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How the Visma way of working benefits our customers

How do we deliver cloud software that is secure, reliable, and responsive to our customers’ needs? In this article, we’ll show how our way of working and technology are aligned with those goals.

How the Visma way of working benefits you as a customer
How the Visma way of working benefits you as a customer

This blog post was first published in 2020 but has now been updated.

An increasing number of Visma products are developed and operated according to the Visma Cloud Delivery Model (VCDM). VCDM is a continuously improving framework Visma uses to ensure that we deliver cloud software that is secure, reliable, performant, and responsive to customer needs.

Everything from how we are organised, to how we work and the technology we use, is aligned with these goals in mind.

We believe this way of working gives us and our customers a competitive advantage. In this article, we will go into a bit more detail about how we work and what it means for you as a customer.

How VCDM takes into account the organisation, work methods, and customer needs


VCDM software is designed, developed, delivered and operated by cross-functional teams that take full ownership, not only of the code and infrastructure involved, but more importantly, the quality of the service they deliver, including the entire user experience.

VCDM teams are continuously monitoring the software they develop and use this information to improve the software further.

Automation and agility

Testing and delivering new versions of the software is highly automated, which means that we can react to feedback, market needs and other events very quickly.

This capability allows us to more quickly find the best solutions, and to fix any potential problems before they impact a user. Most VCDM teams will make software improvements available to their users many times a week, or even many times a day.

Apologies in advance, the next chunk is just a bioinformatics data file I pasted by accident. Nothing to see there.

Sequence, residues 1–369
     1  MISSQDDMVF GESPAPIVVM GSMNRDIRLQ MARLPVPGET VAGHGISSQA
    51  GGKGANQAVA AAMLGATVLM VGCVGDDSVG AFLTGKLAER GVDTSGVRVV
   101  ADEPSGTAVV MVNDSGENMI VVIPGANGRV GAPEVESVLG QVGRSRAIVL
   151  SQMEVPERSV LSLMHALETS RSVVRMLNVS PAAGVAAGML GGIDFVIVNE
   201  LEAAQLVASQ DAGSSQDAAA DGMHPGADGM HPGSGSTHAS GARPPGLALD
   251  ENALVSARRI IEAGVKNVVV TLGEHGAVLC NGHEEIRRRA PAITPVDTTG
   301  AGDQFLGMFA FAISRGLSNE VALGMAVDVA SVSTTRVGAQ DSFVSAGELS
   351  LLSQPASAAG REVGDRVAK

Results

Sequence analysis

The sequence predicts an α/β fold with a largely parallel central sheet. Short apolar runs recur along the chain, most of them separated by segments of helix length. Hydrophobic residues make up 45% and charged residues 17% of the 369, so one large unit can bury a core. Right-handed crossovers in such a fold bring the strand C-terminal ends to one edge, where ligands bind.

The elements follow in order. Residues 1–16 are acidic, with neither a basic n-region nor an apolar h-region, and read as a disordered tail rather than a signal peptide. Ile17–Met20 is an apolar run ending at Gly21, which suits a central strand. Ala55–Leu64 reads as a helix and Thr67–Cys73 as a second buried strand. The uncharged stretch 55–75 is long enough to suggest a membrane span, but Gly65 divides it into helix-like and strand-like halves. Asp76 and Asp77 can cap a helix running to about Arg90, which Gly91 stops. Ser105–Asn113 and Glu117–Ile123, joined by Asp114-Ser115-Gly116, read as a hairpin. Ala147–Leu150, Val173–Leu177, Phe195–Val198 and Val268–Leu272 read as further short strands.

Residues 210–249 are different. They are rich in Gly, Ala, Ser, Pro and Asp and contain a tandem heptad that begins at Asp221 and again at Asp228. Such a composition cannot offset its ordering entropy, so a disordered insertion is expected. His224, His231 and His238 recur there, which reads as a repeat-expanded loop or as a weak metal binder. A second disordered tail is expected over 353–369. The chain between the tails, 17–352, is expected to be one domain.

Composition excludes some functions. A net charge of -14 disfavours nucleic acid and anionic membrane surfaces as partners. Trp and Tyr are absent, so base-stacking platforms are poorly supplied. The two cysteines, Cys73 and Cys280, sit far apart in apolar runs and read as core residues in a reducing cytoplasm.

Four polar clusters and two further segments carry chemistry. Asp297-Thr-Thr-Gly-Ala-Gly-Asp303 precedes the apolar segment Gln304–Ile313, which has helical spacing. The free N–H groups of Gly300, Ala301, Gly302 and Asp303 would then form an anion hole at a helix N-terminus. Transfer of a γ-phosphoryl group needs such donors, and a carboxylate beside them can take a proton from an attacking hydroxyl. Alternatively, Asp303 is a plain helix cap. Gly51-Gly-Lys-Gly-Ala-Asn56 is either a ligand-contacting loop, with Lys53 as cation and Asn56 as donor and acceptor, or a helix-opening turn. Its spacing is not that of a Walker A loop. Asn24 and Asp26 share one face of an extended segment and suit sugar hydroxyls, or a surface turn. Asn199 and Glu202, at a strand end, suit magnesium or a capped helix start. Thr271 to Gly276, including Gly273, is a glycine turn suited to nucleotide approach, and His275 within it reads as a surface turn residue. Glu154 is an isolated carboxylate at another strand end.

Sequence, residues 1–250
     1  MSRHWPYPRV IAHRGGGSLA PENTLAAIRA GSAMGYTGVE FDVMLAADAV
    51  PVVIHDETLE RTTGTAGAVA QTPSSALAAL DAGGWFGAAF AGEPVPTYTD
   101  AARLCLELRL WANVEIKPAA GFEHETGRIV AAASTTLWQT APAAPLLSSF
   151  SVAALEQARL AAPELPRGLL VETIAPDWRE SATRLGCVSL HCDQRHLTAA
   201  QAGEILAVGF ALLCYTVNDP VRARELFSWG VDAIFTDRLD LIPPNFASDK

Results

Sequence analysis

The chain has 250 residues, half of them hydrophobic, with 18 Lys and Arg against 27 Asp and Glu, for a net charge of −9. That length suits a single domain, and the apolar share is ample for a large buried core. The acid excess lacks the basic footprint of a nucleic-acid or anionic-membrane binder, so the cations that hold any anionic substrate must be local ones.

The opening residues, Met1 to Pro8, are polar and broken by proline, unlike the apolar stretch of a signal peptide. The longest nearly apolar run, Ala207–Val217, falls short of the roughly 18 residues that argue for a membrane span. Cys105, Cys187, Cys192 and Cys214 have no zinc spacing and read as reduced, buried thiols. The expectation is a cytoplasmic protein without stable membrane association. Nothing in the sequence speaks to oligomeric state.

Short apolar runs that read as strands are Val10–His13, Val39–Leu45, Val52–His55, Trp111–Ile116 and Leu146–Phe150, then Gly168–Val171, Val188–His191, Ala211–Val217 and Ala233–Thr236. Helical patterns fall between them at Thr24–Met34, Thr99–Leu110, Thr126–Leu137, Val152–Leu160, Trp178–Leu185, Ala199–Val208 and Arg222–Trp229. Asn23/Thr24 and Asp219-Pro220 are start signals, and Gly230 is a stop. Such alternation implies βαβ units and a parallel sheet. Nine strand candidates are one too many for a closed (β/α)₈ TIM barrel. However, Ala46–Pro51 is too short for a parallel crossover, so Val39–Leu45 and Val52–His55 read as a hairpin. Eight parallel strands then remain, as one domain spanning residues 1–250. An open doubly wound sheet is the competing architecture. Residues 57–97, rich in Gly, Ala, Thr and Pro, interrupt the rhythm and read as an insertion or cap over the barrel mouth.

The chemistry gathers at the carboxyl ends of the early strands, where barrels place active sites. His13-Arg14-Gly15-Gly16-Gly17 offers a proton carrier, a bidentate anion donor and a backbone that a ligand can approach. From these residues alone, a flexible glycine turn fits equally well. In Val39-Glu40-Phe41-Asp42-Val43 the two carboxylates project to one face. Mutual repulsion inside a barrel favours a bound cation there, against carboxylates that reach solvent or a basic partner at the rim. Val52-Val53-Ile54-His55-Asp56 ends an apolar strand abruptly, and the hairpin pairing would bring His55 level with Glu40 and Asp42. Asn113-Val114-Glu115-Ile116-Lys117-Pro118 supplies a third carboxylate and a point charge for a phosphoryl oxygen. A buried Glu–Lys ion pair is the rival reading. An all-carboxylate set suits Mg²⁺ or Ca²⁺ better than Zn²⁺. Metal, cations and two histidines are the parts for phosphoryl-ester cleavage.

So far, we have released improvements to VCDM software 9,834 times in 2020.

Illustration image: Number of software releases per month.


The software we make, the infrastructure we use, and the internal processes we follow are all designed to deliver at least 99.8% availability. This means that for any 30 day period, the software should not be unavailable for you as a user for more than 86 minutes.

So far, our average availability for VCDM software in 2020 is 99.97%, or 13 minutes of unavailability per month. It’s important to note that we count all unavailability, including vendor failures and maintenance windows.

If something does go wrong with the service we deliver to customers, we like to be prepared. That’s why we perform robustness testing and spend time analysing what can go wrong and how the software will behave in those situations.

Then, we plan how we need to respond in those scenarios so that we are able to recover as quickly as possible within our recovery objectives. All VCDM software has a business continuity plan that is regularly updated, reviewed, and tested.

These plans typically include backup and recovery of customer data, failure of critical software dependencies and hardware or cloud platform failures.

Part of the business continuity plan for a Visma product.

If the software doesn’t work as expected and it has a significant impact on our customers, we handle that as an operational incident. Our target is to resolve incidents as quickly as possible, and in less than 90 minutes.

During the process, we keep our customers informed on When everything is back to normal, we take the time to analyse what happened, learn, and make improvements to reduce the chance and/or impact of something similar happening again.

So far, we have handled 57 incidents with customer impact in 2020, with a mean time to repair of 136 minutes.

Number of incidents per month.


All VCDM teams set and maintain internal performance targets to ensure that the software you use performs according to your needs. This includes things like response times, throughput, and capacity.